By Antonio Hermosín Gandul
Tokyo, Sep 18 (EFE).- Exactly half a century ago, Japanese entrepreneur Momofuku Ando invented an instant dish which could be eaten in its own packaging container after just adding hot water, forever revolutionizing the food industry, as millions of packets of the products continue to be sold daily.
The preparation was first marketed as cup noodles on Sep. 18, 1971, and went on to become Ando’s biggest achievement as part of his quest to mass produce affordable and easy-to-eat food in post-war Japan.
After first being launched in Japan, over 50 billion cups of the noodles have been sold across over 100 countries, according to data provided by the company Nissin, founded by Ando.
Born in Taiwan in 1910 during the Japanese occupation of the island, “the father of cup noodles” is one of the most admired figures in contemporary Japan, both in the business world as well as popular culture.
Ando invented his culinary novelties through the trial and error method, guided by his curiosity and capacity to observe, according to the autobiographical books he wrote and a Yokohama-based museum dedicated to cup noodles.
The entrepreneur is said to have worked day and night in a small barrack turned culinary lab, which in 1958 gave the world its first instant noodles, Chicken Ramen, that would prove to be the precursor to the cup variety.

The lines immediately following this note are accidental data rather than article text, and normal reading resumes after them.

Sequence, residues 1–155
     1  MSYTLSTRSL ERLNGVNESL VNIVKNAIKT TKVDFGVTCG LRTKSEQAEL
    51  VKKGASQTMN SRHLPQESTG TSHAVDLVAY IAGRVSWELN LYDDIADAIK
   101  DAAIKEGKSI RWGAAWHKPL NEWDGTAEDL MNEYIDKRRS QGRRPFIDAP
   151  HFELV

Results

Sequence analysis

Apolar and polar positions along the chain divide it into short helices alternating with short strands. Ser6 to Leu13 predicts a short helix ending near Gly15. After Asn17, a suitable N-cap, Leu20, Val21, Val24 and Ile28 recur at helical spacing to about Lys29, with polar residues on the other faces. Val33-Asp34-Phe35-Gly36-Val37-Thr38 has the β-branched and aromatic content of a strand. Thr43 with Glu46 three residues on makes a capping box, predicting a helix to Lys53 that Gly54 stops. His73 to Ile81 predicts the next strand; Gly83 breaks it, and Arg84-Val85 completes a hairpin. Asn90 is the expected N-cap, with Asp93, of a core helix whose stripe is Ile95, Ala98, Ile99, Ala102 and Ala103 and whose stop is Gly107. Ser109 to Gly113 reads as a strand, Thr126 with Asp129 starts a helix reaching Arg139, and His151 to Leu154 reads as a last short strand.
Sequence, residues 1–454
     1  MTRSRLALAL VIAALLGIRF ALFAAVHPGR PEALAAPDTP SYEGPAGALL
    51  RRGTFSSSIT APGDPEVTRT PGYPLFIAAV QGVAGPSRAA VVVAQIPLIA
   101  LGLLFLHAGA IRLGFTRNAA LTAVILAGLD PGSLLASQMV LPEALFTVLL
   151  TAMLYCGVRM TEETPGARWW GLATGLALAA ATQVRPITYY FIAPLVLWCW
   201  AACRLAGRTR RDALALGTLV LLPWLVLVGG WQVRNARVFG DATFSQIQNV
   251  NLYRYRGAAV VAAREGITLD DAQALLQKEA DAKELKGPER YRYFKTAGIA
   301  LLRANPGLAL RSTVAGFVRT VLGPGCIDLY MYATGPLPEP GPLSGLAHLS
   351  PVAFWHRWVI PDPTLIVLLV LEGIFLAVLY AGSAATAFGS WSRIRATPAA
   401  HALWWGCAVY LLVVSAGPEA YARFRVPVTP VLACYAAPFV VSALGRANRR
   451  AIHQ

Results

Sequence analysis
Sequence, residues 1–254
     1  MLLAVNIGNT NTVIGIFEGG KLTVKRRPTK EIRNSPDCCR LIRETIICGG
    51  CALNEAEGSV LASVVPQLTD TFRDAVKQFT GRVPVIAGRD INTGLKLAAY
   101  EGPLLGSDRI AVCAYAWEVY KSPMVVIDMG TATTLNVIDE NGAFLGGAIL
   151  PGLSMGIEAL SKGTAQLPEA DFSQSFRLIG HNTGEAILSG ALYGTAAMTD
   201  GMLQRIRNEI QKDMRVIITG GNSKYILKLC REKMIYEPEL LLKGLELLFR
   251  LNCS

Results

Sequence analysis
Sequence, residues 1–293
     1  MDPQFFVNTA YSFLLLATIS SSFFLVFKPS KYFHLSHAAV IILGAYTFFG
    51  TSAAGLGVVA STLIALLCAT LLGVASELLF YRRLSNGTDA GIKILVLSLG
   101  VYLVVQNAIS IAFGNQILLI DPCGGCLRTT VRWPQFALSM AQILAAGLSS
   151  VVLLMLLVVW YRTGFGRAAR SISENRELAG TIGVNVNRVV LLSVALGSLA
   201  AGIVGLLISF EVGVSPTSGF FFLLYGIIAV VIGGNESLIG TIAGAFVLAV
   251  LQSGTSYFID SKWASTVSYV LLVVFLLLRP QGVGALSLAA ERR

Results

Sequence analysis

Noodles fried at high temperature for a brief period – the same technique used in tempura (Japanese deep-fried food) – helped Ando fulfill his four requirements: a good and addictive taste, long shelf life, being easy to cook and easy on the pocket.
The product hit the market at a price of 35 yen per cup (equivalent to $5.5 today after adjusting inflation), in a Japan that had been hit by food shortages after World War II, with United States-supplied flour being one of the main sustenance for people.
Not content with the domestic success of Chicken Ramen, Ando kept experimenting and observed during a trip to the United States that locals there ate their instant noodles in paper cups using forks, unlike the bowl and chopstick tradition back home.